Mortgage-backed bonds are groups of properties packaged together. Investors receive dividends from these investments several times per year. To appease investors, mortgage-backed bonds must make an adequate amount of money to pay out dividends.

When bond rates go up, mortgage rates go down. When mortgage rates go up, bond rates go down. Since the bond rates are closely tied to the treasury bond rates, mortgage-backed bonds are less valuable when mortgage rates are high. The reason for this is that when people have higher interest rates, they’re more likely to refinance, which means an investor would lose money when a loan in their bundle is replaced at a lower interest rate.

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3. The housing market

The housing market affects mortgage rates through supply and demand. More people are opting to rent than purchase, which reduces the need for new homes. Fewer customers mean that mortgage lenders are more likely to lower their rates to entice more buyers to purchase a home.

When there are more homes available, and more people are opting to purchase homes, they often raise rates. Sometimes higher rates are used to deter customers since mortgage lenders can be overwhelmed with interested buyers when interest rates drop.

If you’re considering purchasing a home, use an online tool like Credible to get in touch with an experienced loan officer. They can help answer any questions you have and provide more information about personalized interest rates.

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4. Personal level effects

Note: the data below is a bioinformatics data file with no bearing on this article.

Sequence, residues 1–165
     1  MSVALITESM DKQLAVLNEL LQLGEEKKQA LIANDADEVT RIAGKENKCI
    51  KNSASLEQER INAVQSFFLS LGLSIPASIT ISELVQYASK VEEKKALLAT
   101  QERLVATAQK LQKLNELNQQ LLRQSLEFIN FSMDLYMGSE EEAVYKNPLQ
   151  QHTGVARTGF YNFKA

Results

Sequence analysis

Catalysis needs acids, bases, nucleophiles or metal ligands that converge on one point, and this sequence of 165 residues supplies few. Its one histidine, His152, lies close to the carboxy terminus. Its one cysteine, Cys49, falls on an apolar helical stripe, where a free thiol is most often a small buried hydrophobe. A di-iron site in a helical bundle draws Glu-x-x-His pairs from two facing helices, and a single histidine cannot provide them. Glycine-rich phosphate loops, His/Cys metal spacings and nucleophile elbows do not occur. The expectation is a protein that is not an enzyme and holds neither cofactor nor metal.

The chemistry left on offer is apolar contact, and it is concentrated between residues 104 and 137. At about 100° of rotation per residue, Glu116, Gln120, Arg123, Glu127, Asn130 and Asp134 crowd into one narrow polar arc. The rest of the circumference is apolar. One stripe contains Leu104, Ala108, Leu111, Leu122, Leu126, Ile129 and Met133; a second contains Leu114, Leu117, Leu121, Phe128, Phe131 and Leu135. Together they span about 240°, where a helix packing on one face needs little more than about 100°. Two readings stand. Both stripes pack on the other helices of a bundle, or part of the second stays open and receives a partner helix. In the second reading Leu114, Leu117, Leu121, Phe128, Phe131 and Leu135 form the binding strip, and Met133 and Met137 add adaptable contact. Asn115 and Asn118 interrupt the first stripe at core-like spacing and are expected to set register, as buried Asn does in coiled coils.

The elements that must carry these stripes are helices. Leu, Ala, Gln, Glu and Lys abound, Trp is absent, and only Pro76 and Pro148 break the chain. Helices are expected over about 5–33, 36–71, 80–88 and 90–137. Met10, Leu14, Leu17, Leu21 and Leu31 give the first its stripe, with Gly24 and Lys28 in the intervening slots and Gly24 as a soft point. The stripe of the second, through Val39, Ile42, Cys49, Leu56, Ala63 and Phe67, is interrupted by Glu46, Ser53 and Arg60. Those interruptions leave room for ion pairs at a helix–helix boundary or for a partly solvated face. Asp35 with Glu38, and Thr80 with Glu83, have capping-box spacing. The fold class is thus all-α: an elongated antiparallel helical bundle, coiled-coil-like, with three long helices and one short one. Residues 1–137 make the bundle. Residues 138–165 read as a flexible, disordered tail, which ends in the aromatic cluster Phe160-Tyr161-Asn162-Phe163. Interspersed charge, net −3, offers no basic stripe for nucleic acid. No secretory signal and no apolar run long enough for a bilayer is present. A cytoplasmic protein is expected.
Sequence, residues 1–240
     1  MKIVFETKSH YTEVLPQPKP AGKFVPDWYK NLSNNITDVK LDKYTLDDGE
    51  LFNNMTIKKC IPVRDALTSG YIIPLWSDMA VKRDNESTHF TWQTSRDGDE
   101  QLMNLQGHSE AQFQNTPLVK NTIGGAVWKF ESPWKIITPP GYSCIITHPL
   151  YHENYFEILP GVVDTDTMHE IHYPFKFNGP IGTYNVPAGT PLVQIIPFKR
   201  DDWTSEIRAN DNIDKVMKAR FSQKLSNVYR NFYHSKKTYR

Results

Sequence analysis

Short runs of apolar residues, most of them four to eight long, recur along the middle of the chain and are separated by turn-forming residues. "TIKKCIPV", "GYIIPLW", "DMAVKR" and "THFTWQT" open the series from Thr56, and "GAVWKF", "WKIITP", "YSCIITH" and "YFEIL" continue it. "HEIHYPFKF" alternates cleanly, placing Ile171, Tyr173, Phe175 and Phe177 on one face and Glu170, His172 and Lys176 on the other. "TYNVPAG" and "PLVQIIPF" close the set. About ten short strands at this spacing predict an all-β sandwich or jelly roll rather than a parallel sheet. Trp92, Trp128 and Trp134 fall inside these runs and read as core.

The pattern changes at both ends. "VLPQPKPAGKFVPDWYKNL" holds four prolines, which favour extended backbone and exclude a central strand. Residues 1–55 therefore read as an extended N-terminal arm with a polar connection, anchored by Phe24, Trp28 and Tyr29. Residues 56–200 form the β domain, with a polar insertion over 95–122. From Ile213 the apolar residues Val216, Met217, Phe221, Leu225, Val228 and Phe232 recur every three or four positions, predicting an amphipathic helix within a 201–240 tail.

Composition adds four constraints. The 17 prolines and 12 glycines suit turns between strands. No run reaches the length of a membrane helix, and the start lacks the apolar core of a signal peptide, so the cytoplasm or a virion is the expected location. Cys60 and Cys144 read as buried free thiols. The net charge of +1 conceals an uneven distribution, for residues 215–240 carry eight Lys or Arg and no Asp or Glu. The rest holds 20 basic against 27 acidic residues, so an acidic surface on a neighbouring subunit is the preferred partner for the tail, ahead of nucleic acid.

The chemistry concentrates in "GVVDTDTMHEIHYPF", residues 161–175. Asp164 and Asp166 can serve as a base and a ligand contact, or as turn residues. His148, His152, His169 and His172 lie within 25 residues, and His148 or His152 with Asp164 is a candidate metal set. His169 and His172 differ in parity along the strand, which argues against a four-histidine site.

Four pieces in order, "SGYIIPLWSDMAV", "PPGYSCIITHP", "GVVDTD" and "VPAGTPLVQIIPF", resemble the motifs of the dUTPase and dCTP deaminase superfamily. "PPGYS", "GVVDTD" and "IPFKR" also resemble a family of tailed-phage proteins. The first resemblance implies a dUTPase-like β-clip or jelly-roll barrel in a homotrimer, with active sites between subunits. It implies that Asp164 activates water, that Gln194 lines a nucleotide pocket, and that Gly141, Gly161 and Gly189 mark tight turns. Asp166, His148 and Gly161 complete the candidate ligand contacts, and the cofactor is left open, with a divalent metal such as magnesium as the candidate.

On an individual level, factors like credit score, location, and down payment affect mortgage rates. Rates may be higher or lower in your neighborhood based on supply and demand and lender competition. Further, the rates for your mortgage loan could be higher or lower depending on your credit history, credit score, income, loan amount, and the property value of the home you want to purchase.

Additionally, the type of loan you choose will affect your mortgage rate. While variable interest rates often offer lower interest rates for a promotional period, they fluctuate with the market, and your payments could go up or down. Fixed-rate loans provide a single mortgage rate for the entire loan term.

You can receive personalized rates and a preapproval letter without affecting your credit score. Visit Credible to connect with multiple mortgage lenders and compare rates in one spot.

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Today's mortgage rates

Here are the current mortgage and refinance rates as of Oct. 15 from Freddie Mac.

  • Mortgage rates for 30-year fixed mortgage: 
  • Mortgage rates for 15-year fixed mortgage: 

With these low mortgage rates, it may be a good time for you to refinance your home loan. To see how much you could save on monthly payments, crunch the numbers and compare rates and mortgage lenders using this free online tool to find your rate today.